Were you any good?
We began to get quite good at it. But there was a key moment, around ‘89. We played a great gig one night, in a pub in Cambridge. There were seven of us in the band – you could probably describe us as a poor man’s Pogues. The Pogues were mega at the time in England, and every pub wanted an Irish band to play that kind of raucous punky-Irish music. After the gig, a guy asked me if we’d be interested in doing a little tour of Europe, to support this other band. Half the guys in our band were on the dole. I said to them, ‘Well, what do you think?’ They said, ‘Great!’ But I said no – because I had just made a scientific discovery at the time. I had to make a decision. Looking back, I was bloody stupid (laughs). I should’ve gone off for three months, it could’ve been great! Maybe I’d have given up science, and become an actual musician in the end.
Were the band raging?
I meet them occasionally, and they still kick me: ‘You bastard, you let us down there!’ But we laugh about it. Me and Tony actually ended up getting jobs in Dublin in the early ‘90s, and we put the band back together then. Singing ballads in an Irish pub didn’t go down quite as well as singing them in an English pub – but we still got a few gigs, and we played around various pubs in Dublin. One night, we were asked to support Scullion, in The Purty Kitchen in Dun Laoghaire. We loved Scullion – we even played some of their songs in our set. But in the bar afterwards, I overheard Philip King say to Sonny Condell, ‘Those guys – not great… Their setlist was a bit dated’. It was like Bob Dylan saying you were shit! Tony made a compilation tape for me after that, called Dated Music.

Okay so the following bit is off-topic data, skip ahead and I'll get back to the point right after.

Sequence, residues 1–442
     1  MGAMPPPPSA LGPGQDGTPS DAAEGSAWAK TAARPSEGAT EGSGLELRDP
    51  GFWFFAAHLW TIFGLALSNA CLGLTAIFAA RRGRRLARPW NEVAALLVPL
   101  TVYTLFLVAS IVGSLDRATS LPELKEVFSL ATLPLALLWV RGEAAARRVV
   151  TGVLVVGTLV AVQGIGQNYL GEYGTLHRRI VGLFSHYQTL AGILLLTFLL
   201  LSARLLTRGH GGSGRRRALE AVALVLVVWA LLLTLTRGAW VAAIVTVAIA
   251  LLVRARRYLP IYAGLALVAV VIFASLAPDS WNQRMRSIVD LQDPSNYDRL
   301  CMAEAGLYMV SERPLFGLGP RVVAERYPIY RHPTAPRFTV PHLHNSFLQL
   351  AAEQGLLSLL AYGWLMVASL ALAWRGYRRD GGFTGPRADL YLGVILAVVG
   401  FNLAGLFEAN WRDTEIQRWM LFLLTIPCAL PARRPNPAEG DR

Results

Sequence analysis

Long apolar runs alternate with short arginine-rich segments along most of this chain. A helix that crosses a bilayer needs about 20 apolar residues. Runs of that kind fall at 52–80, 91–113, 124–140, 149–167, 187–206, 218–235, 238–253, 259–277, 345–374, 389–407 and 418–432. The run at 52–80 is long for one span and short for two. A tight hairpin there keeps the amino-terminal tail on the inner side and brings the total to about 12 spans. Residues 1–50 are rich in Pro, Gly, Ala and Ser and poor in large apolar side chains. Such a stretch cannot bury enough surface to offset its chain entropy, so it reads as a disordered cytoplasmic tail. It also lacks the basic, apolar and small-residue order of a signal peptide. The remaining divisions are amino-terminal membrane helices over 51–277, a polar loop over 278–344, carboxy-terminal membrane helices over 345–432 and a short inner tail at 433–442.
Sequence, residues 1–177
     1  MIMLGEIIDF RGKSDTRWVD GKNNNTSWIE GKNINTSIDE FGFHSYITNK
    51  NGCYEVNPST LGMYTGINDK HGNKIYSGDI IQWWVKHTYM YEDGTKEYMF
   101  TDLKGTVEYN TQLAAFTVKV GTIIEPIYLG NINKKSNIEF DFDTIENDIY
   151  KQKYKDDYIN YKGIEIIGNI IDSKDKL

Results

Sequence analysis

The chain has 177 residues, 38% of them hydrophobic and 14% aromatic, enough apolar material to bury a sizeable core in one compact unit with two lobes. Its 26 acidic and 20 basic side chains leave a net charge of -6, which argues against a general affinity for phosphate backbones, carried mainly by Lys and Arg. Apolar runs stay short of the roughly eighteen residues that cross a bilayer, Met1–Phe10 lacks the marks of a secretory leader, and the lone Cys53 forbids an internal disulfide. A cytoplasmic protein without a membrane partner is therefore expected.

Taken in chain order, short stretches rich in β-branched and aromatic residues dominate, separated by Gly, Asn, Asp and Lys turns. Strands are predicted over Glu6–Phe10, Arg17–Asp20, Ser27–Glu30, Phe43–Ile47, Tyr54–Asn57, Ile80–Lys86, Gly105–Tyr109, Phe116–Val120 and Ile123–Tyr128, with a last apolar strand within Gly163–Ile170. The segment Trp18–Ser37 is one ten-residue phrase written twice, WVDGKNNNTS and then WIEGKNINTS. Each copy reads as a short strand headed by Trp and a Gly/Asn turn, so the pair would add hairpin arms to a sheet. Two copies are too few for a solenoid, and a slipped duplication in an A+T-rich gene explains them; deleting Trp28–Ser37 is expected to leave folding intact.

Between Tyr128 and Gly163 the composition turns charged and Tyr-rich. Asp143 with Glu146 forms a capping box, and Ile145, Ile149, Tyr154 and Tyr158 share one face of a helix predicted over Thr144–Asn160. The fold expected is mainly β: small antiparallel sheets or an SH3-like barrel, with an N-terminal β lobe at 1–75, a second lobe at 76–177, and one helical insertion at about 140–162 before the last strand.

That’s not the end of the story, is it?
Four years ago, Philip King asked me to give a talk at Other Voices in Dingle. He found out about this story, and when I arrived in Dingle, Philip said, ‘Luke, I want to apologise. I’m a supporter of young bands, and I said the wrong thing that night, I’m very sorry’. He said, ‘To make it up to you, how about you and Tony play at the next Other Voices?’ So me, Tony and Philip played a bit of blues – and then we played a Scullion song, and he sang it.
So how did The Metabollix come about?